Framing Effects and Expected Social Security Claiming Behavior
AbstractEligible participants in the U.S. Social Security system may claim benefits anytime from age 62-70, with benefit levels actuarially adjusted based on the claiming age. This paper shows that individual intentions with regard to Social Security claiming ages are sensitive to how the early versus late claiming decision is framed. Using an experimental design, we find that the use of a “break-even analysis” has the very strong effect of encouraging individuals to claim early. We also show that individuals are more likely to report they will delay claiming when later claiming is framed as a gain, and when the information provides an anchoring point at older, rather than younger, ages. Moreover, females, individuals with credit card debt, and workers with lower expected benefits are more strongly influenced by framing. We conclude that some individuals may not make fully rational optimizing choices when it comes to choosing a claiming date.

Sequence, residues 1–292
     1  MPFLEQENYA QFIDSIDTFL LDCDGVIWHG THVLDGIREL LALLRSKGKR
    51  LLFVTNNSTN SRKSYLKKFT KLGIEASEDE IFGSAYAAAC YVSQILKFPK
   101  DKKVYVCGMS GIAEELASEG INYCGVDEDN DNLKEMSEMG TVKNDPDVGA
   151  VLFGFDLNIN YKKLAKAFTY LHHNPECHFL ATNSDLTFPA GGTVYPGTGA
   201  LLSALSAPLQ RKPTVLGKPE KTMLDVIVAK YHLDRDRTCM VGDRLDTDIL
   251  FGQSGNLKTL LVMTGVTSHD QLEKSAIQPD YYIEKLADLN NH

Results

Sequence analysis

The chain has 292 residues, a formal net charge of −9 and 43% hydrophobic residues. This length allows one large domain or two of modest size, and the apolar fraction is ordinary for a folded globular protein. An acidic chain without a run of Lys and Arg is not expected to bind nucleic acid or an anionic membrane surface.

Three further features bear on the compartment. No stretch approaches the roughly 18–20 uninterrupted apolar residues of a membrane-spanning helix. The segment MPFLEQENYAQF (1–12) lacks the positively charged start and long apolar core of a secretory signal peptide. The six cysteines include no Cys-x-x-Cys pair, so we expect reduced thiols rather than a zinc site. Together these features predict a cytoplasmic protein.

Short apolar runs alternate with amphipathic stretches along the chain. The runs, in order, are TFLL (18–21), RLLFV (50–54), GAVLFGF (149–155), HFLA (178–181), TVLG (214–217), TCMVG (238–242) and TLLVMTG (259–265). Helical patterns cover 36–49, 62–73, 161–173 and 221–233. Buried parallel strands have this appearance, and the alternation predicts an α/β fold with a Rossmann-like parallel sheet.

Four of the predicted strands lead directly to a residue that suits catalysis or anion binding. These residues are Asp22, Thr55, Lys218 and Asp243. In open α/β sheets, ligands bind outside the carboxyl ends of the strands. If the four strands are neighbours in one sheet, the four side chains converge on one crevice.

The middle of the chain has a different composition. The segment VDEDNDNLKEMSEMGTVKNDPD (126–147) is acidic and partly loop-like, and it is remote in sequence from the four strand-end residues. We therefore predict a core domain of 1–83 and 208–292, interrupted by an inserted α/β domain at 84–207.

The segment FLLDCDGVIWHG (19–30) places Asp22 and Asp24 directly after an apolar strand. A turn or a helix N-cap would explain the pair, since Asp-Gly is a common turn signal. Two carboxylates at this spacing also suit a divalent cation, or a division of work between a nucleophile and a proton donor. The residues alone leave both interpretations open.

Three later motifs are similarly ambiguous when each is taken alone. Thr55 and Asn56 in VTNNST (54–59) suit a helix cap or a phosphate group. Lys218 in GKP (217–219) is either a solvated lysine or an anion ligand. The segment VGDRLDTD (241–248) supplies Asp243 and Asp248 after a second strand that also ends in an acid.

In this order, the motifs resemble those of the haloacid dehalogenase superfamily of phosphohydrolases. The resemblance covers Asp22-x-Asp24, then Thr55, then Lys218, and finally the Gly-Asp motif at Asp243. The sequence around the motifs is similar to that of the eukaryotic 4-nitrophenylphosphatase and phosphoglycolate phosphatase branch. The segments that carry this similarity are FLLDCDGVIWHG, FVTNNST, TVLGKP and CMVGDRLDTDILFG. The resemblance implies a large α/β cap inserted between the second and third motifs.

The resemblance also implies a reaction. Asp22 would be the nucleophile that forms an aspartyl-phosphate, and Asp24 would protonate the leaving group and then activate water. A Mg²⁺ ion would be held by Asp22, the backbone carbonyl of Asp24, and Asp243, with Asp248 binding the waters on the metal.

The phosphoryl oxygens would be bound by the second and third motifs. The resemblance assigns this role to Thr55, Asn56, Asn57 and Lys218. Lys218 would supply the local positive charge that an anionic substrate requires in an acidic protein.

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Bibliographic InfoPaper provided by National Bureau of Economic Research, Inc in its series NBER Working Papers with number 17018.
Date of creation: May 2011
Date of revision:
Publication status: published as 5. Brown, J.R., Kapteyn, A., and Mitchell, O., “Framing and Claiming: How Information-Framing Affects Social Security Claiming Behavior”, The Journal of Risk and Insurance, 2014, forthcoming .
Note: AG PE
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Other versions of this item:
- Jeffrey R. Brown & Arie Kapteyn & Olivia S. Mitchell, 2011. "Framing Effects and Expected Social Security Claiming Behavior," Working Papers 854, RAND Corporation Publications Department.
- D03 - Microeconomics - - General - - - Behavioral Microeconomics; Underlying Principles
- D12 - Microeconomics - - Household Behavior - - - Consumer Economics: Empirical Analysis
- D14 - Microeconomics - - Household Behavior - - - Household Saving; Personal Finance
- H55 - Public Economics - - National Government Expenditures and Related Policies - - - Social Security and Public Pensions
This paper has been announced in the following NEP Reports:
- NEP-AGE-2011-05-14 (Economics of Ageing)
- NEP-ALL-2011-05-14 (All new papers)
- NEP-EXP-2011-05-14 (Experimental Economics)
- NEP-LAB-2011-05-14 (Labour Economics)
Please report citation or reference errors to , or , if you are the registered author of the cited work, log in to your RePEc Author Service profile, click on "citations" and make appropriate adjustments.:
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